Polemics (pronounced IPA: /pəˈlɛmɪks/, /poʊ-/) is the practice of disputing or controverting religious, philosophical, or political matters. As such, a polemic text on a topic is often written specifically to dispute or refute a topic that is widely viewed to be beyond reproach.

The antonym of a polemic source is an apologia.

There are other meanings of the word as well. Polemic is also a branch of theology, pertaining to the history or conduct of ecclesiastical controversy.

The word is derived from the Greek word polemikos (πολεμικως) which means warlike.[1] Plato uses a character named Polemarchus in Plato's Republic as a vehicle to drive forward an ethical debate.

See also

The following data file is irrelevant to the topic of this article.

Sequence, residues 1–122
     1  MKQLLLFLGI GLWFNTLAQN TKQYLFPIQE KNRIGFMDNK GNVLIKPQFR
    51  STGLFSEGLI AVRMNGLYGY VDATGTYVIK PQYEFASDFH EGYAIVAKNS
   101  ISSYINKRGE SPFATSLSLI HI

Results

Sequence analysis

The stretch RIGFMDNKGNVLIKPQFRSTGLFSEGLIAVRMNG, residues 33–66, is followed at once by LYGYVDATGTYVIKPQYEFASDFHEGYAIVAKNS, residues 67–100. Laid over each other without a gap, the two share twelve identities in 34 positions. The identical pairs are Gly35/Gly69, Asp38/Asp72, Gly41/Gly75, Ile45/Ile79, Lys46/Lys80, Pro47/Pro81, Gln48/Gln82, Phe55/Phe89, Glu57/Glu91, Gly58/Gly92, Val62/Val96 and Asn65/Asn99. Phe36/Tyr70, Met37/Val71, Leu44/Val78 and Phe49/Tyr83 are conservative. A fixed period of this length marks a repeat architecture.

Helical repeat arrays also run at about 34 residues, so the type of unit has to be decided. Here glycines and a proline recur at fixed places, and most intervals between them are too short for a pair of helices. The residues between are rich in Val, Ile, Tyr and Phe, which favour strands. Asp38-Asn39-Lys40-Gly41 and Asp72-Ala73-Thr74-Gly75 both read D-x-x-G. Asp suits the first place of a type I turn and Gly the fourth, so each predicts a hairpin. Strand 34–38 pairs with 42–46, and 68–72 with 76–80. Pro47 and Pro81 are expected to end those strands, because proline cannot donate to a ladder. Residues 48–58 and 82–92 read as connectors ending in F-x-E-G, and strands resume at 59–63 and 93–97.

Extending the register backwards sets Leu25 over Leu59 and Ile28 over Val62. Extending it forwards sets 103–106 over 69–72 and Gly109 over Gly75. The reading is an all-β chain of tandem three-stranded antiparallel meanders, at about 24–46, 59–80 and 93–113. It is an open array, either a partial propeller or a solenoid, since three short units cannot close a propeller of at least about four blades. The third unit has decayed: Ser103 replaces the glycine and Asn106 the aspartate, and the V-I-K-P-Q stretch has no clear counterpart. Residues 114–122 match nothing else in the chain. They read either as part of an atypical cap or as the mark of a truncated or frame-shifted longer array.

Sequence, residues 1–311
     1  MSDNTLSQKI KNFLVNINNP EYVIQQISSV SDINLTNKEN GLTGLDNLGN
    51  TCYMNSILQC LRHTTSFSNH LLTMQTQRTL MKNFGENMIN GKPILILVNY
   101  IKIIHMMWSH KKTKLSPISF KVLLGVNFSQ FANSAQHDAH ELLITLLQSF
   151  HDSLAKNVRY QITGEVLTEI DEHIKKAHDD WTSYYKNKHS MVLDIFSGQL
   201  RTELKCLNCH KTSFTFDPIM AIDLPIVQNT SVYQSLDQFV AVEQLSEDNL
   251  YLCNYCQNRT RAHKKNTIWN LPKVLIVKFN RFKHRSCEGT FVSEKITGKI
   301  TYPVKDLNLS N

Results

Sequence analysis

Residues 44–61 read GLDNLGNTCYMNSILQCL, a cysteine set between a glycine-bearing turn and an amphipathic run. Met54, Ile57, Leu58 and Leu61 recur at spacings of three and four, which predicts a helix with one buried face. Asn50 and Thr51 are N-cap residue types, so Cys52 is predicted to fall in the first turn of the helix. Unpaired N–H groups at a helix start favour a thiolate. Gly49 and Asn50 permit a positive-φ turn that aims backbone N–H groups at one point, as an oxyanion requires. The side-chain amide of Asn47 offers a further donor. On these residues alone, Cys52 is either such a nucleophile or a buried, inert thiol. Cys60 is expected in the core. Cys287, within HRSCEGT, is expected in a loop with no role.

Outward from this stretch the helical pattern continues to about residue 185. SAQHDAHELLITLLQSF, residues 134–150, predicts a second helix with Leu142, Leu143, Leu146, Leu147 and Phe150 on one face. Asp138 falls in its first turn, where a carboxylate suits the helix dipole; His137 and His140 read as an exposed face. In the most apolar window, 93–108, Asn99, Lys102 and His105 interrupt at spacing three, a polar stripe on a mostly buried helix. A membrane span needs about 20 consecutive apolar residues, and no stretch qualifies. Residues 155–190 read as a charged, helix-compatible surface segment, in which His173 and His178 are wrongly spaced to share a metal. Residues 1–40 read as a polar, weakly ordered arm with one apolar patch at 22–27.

• Devil's advocate
  • Art


New World Encyclopedia writers and editors rewrote and completed the Wikipedia article in accordance with New World Encyclopedia standards. This article abides by terms of the Creative Commons CC-by-sa 3.0 License (CC-by-sa), which may be used and disseminated with proper attribution. Credit is due under the terms of this license that can reference both the New World Encyclopedia contributors and the selfless volunteer contributors of the Wikimedia Foundation. To cite this article click here for a list of acceptable citing formats.The history of earlier contributions by wikipedians is accessible to researchers here:

Note: Some restrictions may apply to use of individual images which are separately licensed.

Cite error: <ref> tags exist, but no <references/> tag was found